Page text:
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Diabetes Care. 1998 Dec;21 Suppl 3:C35-8.

The U.K. Prospective Diabetes Study. A review.

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University of Oxford, Nuffield Department of Clinical Medicine, Radcliffe Infirmary, U.K.


The objective of the U.K. Prospective Diabetes Study (UKPDS), initiated in 1977, was set up to determine whether improved blood glucose control in people with type 2 diabetes will prevent the complications of diabetes. The UKPDS was also designed to determine whether there are differences between conventional policy (diet therapy) and three different regimens of intensive treatment policy, based on sulfonylurea, metformin, or insulin. Interim efficacy analyses revealed that the intensive policies with sulfonylurea, insulin, and metformin were equally effective in reducing fasting plasma glucose concentrations. However, glucose and HbA1c measurements steadily increased with time, reflecting ongoing deterioration of beta-cell function. Cardiovascular disease was the major cause of complications, and the risk factors included raised LDL cholesterol concentrations, low HDL cholesterol concentrations, elevated blood pressure, elevated HbA1c concentrations, and smoking. A final study report was issued in September 1998, when the median duration of therapy was 11 years.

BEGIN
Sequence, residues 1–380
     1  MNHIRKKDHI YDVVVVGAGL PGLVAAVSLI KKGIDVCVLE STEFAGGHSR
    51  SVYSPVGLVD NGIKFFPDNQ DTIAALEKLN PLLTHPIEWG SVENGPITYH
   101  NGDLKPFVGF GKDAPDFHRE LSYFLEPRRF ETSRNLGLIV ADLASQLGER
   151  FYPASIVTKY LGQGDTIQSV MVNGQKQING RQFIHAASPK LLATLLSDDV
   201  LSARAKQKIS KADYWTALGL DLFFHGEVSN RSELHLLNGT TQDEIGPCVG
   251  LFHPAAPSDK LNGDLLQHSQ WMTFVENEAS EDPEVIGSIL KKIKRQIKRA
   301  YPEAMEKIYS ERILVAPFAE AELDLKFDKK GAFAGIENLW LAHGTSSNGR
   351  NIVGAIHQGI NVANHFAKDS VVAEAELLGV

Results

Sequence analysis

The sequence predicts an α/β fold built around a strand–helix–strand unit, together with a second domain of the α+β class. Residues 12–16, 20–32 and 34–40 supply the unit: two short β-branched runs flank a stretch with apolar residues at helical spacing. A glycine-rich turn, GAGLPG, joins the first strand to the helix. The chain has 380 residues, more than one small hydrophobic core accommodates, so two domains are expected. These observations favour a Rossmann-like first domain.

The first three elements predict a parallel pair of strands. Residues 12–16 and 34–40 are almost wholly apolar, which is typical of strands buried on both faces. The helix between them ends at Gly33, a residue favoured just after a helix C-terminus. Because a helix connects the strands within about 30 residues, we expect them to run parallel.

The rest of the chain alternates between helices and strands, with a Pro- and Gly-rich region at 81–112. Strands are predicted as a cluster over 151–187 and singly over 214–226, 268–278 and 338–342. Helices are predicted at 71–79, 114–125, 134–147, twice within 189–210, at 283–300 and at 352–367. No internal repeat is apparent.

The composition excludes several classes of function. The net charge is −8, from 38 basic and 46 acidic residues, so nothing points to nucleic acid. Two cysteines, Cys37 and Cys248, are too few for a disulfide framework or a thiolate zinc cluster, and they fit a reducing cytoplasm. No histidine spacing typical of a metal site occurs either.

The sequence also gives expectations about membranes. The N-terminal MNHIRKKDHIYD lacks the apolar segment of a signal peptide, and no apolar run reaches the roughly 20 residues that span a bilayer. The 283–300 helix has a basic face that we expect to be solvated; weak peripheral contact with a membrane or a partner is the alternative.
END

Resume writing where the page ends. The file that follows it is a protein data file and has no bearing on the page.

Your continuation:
[Indexed for MEDLINE]

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